ToomuchStuff
9-23-12, 2:34am
I would strongly suggest seeing a real estate lawyer before getting involved in the purchase of a foreclosure. The process can be incredibly complex depending on what state you're in, and there are so many details that differ depending on the individual situation of each buyer and each home. I met with a lawyer about six months ago when I needed to dispose of some property and it was so helpful. It's expensive - the guy I went to charged $325 per hour (!) but he seriously saved me about $30,000 by setting me straight on a big mistake I almost made. I know you're looking to buy rather than sell, but there are so many things. For example, what happens if there are renters in the house you want to buy? What happens if the renters destroy it or refuse to leave after you buy it? What if there are liens? What if there are HOA delinquencies? What if there are taxes owed? What if there were additions or other work done without permits? Do you have the right to an inspection period in your state? And a million more questions that could possibly come up. I don't mean to sound negative but I'd hate to see someone jump into something like this without all the information they need, like I almost did. I guess in some states buying a foreclosure is just like buying any other property, but it's not true everywhere so just try to be as informed as you possibly can.


Hopefully six months later isn't too late for this advice, for the original poster.

KevinOKane
8-31-13, 5:57am
We typically have a lot of requests for plumbing for foreclosed homes since it requires more maintenance. SteveinMN nails all the points of what needs to be done when it comes to buying a foreclosed home. There was once that we almost did not have enough water and gas plumbers to cover the demands for the week, when there were a number of foreclosures and a frenzy of people buying such.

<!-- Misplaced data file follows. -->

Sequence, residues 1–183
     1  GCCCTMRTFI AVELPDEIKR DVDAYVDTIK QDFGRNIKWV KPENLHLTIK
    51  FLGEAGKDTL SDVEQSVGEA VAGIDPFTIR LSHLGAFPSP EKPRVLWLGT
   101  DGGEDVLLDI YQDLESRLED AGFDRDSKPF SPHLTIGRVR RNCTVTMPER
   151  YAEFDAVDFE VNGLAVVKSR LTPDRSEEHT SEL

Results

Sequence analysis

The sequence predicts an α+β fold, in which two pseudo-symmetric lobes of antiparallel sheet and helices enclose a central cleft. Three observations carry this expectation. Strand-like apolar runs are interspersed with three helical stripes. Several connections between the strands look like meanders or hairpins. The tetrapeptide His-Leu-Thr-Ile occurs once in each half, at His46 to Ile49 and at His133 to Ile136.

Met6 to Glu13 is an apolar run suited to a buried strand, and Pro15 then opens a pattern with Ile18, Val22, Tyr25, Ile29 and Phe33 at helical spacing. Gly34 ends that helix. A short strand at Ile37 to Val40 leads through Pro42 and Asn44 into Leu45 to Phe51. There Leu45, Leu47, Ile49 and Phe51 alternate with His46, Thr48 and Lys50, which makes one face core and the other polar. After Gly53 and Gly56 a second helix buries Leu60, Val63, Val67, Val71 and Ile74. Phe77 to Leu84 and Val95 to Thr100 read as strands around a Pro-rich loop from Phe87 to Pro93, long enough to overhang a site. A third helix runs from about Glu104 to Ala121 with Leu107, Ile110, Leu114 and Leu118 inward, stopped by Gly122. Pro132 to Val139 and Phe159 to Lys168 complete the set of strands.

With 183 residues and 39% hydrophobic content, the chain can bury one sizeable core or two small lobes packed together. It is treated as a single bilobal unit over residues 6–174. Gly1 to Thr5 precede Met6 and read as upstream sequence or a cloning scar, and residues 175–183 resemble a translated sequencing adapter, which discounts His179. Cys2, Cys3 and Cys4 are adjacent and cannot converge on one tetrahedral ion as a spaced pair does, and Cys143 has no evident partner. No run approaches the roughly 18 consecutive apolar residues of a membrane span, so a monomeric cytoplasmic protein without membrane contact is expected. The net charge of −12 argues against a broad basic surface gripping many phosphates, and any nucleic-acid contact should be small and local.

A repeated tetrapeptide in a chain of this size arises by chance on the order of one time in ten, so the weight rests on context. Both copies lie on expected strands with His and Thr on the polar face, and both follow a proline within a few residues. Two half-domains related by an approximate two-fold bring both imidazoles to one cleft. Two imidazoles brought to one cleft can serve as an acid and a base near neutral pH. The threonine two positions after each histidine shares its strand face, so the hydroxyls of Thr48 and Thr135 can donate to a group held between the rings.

rodeosweetheart
9-2-13, 10:08pm
+3 to Steve, Awakened, and Lainey. Great advice there.
We bought our last 2 houses as foreclosure properties. As in your market, lots of manufactured homes available in both states where we bought. We held out for stick built, although I would had bought a manufactured if it was a wonderful property--we are more property oriented than house. but I really wanted a stick built, as they are easier to insure and hold value much better--also we like old houses.

We found second home on Hud.gov. Also used the Fannie Mae and Freddie Mac sites. Tehy are all free. But all the houses were also on Realtor.com, so maybe start there.

As much as you can, get really familiar with your market. I think that is most important, to get a feel for values in your area. So area-specific. We had a lot of things we really wanted and with first house, found it and bought ia week later, closed two weeks later. It's been a great little house, although like with Lainey;s, they took everything, including furnance and kitchen counters and sink. We will probably break even on what we put in but we have lived here 3 years and it has been fantastic mostly because of the fenced 3/4 acres--we love our dogs--they are the reason we keep not renting. Nice little house, soilid and well built, will list it later this week.

The second one we just bought--someone bought it off HUD and his plans changed for flipping it, he decided it was too much work. The house needs a whole lotta work but it has some wonderful old house points. It was a bargain for us--house and two barns and 5 acres in a beautiful part of the country. Not sure if it will be our last house, but we really like buying "non-retail" houses. PM me if you have any questions I can help with! I love looking at house ads and maybe I will be able to come up with questions to ask your agent.